Halfway Towards the Global Tree Assessment!
Over 5,000 conservation assessments for trees from 180 countries have been added this year to the IUCN Red List of Threatened Species, published today in the latest update (18/07/2019). These assessments are all part of the Global Tree Assessment and marks the greatest contribution of tree assessments to the IUCN Red List since 1998, when the World List of Threatened Trees was published. It is also the largest publication of tree assessments towards the Global Tree Assessment since the initiative began in 2015 and brings the total number of tree assessments on the IUCN Red List to over 16,000. This new total in combination with global conservation assessments for trees recorded in BGCI’s ThreatSearch Database, means that over half of the world’s 60,000 tree species now have a conservation assessment. We have therefore crossed the halfway mark towards reaching our 2020 goal, to have conservation assessments for all the world’s trees.
Global Tree Assessment
Global Tree Assessment
Assessing Timber Species
The completion of over 5,000 assessments for trees would not be possible without global collaboration. In 2018, BGCI began working with partners in Madagascar to assess dry forest trees of the world’s most biodiverse island. In this IUCN update over 700 assessments of endemic Malagasy trees are added. In Southeast Asia, partners across Malaysia at Forest Research Institute Malaysia, Sarawak Forestry and Sabah Forestry have also been completing assessments for endemic Dipterocarpaceae species. In this update over 40 Malaysian dipterocarp species have been assessed and by the end of 2019 all dipterocarp species endemic to Malaysia will have conservation assessments to guide the use and protection of these species in the international timber trade.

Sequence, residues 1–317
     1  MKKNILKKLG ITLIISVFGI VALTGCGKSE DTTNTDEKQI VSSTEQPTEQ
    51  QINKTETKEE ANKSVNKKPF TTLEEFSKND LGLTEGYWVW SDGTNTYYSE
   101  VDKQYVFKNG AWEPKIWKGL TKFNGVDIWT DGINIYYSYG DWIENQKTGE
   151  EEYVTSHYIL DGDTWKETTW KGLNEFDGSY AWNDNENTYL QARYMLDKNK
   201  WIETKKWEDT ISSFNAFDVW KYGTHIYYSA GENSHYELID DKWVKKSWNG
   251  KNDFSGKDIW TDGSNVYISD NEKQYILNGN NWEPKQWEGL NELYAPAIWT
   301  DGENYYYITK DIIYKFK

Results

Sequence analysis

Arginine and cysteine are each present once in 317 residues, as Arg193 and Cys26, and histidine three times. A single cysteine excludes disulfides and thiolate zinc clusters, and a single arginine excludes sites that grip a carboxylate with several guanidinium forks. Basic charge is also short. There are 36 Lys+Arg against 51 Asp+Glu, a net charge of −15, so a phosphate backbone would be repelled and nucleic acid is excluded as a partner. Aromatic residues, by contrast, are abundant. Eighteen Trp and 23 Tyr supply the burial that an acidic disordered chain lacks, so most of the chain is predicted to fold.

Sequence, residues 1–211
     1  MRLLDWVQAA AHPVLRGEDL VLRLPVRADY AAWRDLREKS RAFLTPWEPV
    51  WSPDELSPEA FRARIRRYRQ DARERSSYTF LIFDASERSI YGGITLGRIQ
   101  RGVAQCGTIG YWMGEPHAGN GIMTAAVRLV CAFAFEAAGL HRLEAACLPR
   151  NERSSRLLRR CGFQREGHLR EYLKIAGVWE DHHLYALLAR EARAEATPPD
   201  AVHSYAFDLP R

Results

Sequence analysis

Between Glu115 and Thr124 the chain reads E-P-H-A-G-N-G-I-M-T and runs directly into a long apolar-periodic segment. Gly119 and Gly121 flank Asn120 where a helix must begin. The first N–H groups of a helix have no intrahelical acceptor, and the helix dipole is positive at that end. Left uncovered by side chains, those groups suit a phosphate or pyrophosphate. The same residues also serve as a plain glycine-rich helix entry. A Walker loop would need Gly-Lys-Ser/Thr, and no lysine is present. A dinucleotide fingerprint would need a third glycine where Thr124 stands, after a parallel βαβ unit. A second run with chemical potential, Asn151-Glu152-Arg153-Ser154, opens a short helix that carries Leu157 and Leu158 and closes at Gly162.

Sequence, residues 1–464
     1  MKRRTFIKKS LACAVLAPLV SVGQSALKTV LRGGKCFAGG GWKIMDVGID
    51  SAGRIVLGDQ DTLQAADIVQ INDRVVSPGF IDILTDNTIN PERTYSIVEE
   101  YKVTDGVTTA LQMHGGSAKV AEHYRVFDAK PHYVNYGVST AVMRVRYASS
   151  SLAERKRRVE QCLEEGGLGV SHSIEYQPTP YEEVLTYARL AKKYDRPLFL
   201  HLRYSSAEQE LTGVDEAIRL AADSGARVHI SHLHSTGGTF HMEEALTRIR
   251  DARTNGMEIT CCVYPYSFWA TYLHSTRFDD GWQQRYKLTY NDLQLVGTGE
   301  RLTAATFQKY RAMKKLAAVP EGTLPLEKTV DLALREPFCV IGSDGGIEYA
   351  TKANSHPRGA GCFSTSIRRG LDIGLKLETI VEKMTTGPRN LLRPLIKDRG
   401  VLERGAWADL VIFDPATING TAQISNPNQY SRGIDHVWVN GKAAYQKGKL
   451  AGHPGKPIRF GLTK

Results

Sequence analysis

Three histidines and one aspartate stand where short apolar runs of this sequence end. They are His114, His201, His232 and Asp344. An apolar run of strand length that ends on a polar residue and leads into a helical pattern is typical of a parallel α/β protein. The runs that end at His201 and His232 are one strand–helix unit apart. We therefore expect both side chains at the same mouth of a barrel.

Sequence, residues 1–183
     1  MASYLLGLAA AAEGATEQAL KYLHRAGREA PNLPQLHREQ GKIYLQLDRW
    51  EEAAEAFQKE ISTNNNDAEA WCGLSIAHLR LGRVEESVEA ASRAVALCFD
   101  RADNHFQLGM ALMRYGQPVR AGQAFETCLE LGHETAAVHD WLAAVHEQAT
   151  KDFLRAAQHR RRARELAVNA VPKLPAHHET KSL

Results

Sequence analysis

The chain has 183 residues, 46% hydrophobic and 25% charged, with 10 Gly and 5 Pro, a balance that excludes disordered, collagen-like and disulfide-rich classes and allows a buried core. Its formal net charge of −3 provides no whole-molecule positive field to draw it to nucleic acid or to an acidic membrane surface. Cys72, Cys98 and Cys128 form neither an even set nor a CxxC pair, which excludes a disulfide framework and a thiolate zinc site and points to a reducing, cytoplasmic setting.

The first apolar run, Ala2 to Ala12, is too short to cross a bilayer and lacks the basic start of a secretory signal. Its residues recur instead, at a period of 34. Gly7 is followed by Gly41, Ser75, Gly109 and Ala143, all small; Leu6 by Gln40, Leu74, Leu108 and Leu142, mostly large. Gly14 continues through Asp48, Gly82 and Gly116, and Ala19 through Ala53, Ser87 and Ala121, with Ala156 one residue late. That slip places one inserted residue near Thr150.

To reach the halfway point, the Global Tree Assessment team and partners have also developed a workflow to efficiently assess species of lowest conservation concern. These species are widespread, found in multiple localities and are not heavily utilised. Assessments produced are reviewed by regional or taxonomic experts with any threatened species being manually removed from the process. Through this methodology trees have been assessed in a semi-automated process, still fulfilling all required documentation and standards, consequently more time can be given to assessments of tree species of greater conservation concern. The success of this workflow has contributed to the assessment of over 3,500 tree species and publication of Least Concern tree assessments for over 180 countries.
With just under 18 months to go we thank all our Global Tree Assessment partners, reviewers and assessors for their continued hard work towards helping us reach the halfway mark. We continue to look for global tree assessors and support our partners in their production of assessments for all the world’s tree species by 2020.
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